Harmann will represent Wisconsin during the American Farm Bureau Annual Convention in January.

Christa Hoffman

Outstanding Ag Professional

Christa Hoffman was selected as the winner of the Wisconsin Farm Bureau’s Young Farmer and Agriculturist Outstanding Agriculture Professional Award.Christa is a business development administrator at URUS and manages grant-funded projects focused on improving cattle management practices on farms in emerging markets.

Working for a global cattle genetics company, her primary focus is establishing new commercial markets while providing access to artificial insemination to make long-term impacts on production and profitability of farms. Christa and her husband Brad raise two young children on the family’s dairy farm in Gresham.

“This contest recognizes Young Farmer and Agriculturist members going above and beyond for agriculture and within their communities,” said Krentz.

Kelly Oudenhoven

Farming for the Future

Kelly Oudenhoven was selected as the winner of the Wisconsin Farm Bureau’s Young Farmer and Agriculturist Farming for the Future Award. She is the co-owner and herd manager of Larrand Dairy in Outagamie County.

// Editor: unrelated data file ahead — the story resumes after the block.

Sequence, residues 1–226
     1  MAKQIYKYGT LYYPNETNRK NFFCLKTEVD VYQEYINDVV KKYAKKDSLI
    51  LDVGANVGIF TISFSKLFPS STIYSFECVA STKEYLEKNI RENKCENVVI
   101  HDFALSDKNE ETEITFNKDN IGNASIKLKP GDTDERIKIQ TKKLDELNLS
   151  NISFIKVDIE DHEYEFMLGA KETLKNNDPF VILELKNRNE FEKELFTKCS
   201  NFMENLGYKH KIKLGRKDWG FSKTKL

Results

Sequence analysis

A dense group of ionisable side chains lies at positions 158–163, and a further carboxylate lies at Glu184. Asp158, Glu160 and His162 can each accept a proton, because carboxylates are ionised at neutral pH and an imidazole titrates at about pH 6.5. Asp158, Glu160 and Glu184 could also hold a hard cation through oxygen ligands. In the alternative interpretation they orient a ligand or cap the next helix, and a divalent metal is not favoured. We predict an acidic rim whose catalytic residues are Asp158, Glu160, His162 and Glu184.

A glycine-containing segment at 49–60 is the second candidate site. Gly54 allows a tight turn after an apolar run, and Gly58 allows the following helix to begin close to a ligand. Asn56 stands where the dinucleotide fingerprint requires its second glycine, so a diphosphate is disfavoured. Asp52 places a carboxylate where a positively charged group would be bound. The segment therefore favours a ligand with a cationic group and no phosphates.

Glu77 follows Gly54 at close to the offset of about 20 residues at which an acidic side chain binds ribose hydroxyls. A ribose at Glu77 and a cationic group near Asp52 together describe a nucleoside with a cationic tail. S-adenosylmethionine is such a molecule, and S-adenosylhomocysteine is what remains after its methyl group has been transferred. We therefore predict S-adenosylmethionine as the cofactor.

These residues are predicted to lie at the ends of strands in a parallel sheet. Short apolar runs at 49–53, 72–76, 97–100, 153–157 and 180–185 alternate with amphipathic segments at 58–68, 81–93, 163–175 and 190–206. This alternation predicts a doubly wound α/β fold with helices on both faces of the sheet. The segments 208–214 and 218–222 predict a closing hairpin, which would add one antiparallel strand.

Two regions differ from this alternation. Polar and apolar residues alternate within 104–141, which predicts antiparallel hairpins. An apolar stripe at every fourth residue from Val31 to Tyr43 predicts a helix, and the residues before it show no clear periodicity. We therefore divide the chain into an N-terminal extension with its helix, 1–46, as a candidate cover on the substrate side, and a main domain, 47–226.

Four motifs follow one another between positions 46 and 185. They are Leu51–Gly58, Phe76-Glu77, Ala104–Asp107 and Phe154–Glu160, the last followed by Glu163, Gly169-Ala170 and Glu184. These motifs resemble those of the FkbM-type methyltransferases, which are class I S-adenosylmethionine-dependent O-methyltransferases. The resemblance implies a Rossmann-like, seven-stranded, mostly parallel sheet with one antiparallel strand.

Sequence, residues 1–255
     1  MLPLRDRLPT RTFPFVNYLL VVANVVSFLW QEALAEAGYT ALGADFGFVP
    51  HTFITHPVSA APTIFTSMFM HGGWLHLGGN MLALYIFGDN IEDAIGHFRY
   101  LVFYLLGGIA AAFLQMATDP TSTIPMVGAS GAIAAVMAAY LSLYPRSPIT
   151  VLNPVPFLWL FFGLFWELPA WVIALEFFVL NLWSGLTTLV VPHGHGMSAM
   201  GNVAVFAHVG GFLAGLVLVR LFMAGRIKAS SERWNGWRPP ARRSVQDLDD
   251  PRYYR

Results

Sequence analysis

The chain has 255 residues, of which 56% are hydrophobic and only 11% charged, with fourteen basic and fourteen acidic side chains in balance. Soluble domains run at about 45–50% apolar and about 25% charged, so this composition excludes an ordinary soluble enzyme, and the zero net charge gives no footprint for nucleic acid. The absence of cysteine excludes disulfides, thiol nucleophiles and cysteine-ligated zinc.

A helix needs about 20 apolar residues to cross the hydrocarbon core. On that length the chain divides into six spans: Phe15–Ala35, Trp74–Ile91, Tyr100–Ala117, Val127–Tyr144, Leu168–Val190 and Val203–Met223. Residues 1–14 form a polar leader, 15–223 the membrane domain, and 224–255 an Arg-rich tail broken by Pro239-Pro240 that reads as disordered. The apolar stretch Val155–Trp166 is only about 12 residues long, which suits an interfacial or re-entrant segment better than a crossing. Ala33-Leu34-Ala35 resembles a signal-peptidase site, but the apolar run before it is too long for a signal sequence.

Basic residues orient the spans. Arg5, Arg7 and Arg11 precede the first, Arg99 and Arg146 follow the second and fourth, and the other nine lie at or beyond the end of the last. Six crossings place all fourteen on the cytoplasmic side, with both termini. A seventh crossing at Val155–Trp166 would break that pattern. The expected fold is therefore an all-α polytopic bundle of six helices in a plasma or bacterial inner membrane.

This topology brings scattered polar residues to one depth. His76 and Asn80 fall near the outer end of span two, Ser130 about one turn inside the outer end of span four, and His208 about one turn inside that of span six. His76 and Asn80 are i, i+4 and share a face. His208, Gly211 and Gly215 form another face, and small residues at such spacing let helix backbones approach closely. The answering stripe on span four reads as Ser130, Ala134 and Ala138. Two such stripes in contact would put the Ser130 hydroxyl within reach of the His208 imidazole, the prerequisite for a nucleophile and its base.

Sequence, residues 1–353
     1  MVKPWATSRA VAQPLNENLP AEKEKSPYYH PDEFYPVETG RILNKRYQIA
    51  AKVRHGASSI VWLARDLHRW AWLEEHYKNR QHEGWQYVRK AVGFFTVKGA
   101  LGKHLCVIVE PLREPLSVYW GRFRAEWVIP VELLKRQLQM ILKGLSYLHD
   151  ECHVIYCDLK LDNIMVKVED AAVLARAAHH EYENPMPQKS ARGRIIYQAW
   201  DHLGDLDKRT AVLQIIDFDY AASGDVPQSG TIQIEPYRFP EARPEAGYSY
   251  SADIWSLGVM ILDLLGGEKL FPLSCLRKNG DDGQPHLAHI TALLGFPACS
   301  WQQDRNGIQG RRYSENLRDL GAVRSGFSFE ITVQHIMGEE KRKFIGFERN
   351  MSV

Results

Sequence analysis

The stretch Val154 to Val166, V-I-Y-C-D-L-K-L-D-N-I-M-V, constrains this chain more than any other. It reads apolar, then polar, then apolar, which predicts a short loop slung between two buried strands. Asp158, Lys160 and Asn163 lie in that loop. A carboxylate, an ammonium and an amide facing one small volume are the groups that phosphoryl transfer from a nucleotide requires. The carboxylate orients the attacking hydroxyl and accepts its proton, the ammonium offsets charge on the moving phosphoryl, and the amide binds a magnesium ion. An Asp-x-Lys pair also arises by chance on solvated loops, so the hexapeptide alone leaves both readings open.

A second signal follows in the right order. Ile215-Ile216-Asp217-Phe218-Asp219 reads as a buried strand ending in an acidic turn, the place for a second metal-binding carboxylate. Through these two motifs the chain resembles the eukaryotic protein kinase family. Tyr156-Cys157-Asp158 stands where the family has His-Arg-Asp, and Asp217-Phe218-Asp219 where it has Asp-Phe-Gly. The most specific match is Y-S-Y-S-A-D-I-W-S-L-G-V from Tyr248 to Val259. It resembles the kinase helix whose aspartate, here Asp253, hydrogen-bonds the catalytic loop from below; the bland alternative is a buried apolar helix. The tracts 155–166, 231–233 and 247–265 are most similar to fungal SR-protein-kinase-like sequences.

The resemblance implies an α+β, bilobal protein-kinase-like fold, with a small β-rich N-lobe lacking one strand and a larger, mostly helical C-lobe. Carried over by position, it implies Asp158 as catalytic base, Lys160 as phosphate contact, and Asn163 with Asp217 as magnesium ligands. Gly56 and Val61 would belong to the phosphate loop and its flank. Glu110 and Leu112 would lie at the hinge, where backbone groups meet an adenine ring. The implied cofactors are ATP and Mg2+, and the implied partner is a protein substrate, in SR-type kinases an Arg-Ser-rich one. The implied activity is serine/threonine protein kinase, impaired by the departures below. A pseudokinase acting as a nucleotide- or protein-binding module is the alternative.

Oudenhoven and her husband Keith are the fourth generation to carry on the legacy of their family farm where they milk 450 Holsteins and farm 950 acres. Recently, Oudenhoven opened a farm store, Larrand Specialty Farm Products, and sells direct to consumers.

“This contest recognizes Young Farmer and Agriculturist members who excel in their farming, leadership ability and involvement in Farm Bureau and other agriculture organizations,” said Krentz.

The Farming for the Future Award is presented to a Farm Bureau member between the ages of 18 and 35 who has derived a majority of his or her income from on-farm production.

Oudenhoven is on the Outagamie County Farm Bureau board of directors and serves as the Ag in the Classroom coordinator and Promotion and Education chair.

Both Hoffmann and Oudenhoven will have the opportunity to attend the 2023 AFBF FUSION Conference in Jacksonville, Florida, is eligible to participate in the 2023 YFA Washington, D.C., Fly-In and be a guest of WFBF at the 2023 YFA Conference.